Switch from CSS to Sass in WordPress

James Steinbach shows you how to combine WordPress and Sass to organise your code and streamline your workflow.

This article originally appeared in issue 265 of net magazine

Every good developer knows to look for ways to reduce repetitious work and let their computer handle mundane, mindless tasks. CSS preprocessors like Sass give us several valuable tools to help automate the frontend coding process. For example, with Sass we can use variables. So instead of running a 'find and replace' command through a long CSS file to tweak a colour value, we can simply change the variable definition.

Sass also allows us to write functions to generate blocks of repeated style code. For example, a button function could accept the colour or style as a parameter and generate all the standard CSS for a site's button UI: border radius, gradients, text colours and so on. We can also break up our giant stylesheets into organised modules. Nearly every CMS, plugin and web app uses directories and partials to improve code maintainability: Sass allows us to do this with our CSS.

The techniques explained in this tutorial are specific to Sass using the SCSS syntax, but they are applicable to most other preprocessors – like Less or Stylus – as well.

Converting theme stylesheets

If the WordPress theme you're using has Sass files included already, the process of converting existing theme stylesheets to Sass is done for you. I typically start new themes with the Underscores template from Automattic (underscores.me). When creating a new theme package from its website, you'll find a '_sassify!' option if you click the 'Advanced Options' link. This will provide Automattic's default Sass library for you when you download the blank theme.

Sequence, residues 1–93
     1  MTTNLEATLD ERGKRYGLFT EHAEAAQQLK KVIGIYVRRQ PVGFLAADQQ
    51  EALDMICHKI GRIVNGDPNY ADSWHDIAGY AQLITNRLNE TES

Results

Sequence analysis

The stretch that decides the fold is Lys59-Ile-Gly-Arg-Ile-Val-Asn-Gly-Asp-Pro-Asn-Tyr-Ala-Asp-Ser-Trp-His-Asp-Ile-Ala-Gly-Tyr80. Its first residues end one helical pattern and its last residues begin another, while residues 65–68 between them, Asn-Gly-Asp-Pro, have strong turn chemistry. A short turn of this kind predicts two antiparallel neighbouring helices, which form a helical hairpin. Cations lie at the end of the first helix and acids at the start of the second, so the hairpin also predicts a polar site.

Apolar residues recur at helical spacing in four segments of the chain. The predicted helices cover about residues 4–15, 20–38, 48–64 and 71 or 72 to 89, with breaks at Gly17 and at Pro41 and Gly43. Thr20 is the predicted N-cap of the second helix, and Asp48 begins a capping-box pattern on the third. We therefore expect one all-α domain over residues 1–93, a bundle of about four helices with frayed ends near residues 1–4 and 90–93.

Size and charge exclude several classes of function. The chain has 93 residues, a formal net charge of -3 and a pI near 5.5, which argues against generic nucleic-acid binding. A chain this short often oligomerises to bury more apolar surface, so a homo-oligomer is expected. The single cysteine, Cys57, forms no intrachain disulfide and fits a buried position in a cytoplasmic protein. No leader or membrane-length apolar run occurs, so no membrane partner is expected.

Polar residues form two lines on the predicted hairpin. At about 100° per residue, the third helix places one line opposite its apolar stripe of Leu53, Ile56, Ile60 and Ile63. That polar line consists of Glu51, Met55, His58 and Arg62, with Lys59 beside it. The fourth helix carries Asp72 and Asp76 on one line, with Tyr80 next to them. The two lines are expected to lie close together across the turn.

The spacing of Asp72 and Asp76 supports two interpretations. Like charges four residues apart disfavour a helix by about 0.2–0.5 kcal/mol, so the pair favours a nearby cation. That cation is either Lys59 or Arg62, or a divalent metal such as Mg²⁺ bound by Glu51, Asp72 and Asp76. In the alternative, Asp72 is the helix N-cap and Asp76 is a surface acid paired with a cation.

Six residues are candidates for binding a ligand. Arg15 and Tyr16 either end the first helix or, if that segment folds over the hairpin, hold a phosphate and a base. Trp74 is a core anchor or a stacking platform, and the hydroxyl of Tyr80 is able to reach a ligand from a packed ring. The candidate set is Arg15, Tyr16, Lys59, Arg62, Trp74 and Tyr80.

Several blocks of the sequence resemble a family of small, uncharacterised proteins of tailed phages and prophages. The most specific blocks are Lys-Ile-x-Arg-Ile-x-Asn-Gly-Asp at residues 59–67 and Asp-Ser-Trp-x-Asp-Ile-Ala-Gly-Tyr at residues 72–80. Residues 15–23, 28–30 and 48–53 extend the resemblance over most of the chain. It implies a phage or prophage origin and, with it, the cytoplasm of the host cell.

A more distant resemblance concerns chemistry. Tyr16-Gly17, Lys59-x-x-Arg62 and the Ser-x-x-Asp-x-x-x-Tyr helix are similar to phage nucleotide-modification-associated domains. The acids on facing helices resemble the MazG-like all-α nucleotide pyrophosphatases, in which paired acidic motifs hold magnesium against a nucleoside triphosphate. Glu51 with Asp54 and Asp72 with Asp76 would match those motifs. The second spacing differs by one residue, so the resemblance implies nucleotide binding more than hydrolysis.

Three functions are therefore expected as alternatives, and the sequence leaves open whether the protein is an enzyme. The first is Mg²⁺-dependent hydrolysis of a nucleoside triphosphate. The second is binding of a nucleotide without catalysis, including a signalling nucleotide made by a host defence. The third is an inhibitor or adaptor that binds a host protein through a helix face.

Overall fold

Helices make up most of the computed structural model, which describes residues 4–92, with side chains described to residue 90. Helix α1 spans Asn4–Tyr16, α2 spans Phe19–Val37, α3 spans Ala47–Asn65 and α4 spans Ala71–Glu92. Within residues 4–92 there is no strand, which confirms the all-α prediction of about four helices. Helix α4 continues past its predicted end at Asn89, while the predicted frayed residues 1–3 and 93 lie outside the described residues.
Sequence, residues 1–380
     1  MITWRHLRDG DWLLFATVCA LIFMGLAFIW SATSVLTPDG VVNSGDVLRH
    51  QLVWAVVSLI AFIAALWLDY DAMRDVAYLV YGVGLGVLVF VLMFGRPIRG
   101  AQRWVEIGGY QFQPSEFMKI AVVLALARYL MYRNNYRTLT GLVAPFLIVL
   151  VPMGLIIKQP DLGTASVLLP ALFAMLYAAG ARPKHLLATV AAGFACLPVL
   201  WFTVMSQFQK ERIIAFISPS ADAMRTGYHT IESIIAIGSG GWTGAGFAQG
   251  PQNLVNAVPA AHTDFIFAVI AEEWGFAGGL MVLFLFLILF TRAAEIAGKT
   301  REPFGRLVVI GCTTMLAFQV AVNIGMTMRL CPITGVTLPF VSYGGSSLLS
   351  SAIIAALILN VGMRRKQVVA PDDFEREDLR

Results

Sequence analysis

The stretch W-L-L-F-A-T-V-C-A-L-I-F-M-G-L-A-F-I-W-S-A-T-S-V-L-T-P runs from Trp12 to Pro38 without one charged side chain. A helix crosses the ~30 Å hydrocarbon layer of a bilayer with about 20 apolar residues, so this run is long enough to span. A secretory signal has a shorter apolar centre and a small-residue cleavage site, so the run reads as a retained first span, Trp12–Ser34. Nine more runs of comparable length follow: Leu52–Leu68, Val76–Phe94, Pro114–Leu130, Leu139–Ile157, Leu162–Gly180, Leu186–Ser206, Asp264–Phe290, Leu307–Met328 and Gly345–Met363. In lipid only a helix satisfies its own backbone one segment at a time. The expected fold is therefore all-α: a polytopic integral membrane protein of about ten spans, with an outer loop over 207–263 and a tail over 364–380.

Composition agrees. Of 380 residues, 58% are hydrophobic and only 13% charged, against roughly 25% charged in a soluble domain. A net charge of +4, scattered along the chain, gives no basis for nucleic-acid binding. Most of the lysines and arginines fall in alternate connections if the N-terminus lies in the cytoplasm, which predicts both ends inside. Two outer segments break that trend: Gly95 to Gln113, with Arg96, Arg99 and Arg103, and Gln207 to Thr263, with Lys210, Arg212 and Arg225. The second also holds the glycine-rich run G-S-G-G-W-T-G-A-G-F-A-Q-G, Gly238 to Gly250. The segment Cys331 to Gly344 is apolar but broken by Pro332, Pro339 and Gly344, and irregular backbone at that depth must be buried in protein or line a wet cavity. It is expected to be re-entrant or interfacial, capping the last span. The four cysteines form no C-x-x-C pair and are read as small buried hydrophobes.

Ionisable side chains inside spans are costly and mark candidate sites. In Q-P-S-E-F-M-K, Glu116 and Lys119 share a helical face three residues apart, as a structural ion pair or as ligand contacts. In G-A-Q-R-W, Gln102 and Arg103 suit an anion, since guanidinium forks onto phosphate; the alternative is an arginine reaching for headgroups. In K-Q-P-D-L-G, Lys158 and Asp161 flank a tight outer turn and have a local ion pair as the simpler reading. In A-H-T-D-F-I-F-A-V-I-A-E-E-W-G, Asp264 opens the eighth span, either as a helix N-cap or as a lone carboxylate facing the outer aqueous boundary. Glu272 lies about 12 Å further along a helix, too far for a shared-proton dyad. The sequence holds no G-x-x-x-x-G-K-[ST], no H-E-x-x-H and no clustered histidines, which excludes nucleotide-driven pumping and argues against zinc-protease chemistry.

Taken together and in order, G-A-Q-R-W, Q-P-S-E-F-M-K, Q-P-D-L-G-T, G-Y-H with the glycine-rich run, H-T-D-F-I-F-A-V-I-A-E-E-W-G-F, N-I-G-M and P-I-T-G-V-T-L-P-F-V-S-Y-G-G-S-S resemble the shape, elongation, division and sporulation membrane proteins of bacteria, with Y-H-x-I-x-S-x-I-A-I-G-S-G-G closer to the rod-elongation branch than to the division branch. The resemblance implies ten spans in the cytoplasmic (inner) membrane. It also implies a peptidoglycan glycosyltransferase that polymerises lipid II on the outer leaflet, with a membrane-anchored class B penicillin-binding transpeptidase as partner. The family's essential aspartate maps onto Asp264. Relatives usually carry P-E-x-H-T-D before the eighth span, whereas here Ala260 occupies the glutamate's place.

The Underscores WordPress theme offers an option for users to download a version of the theme that includes Sass partials already

If the theme you're building or modifying doesn't include Sass files, however, you'll begin by converting the existing CSS file to Sass. This step reveals a major advantage to using Sass (SCSS): the Sass compiler reads plain CSS with no trouble at all. All you need to do to use the original style.css as Sass is to duplicate it and rename it style.scss.

Setting up Sass partials

Earlier I mentioned that Sass improves our workflow by letting us break thousands of lines of CSS into modular files called partials. Let's work through this step before getting to compiler methods.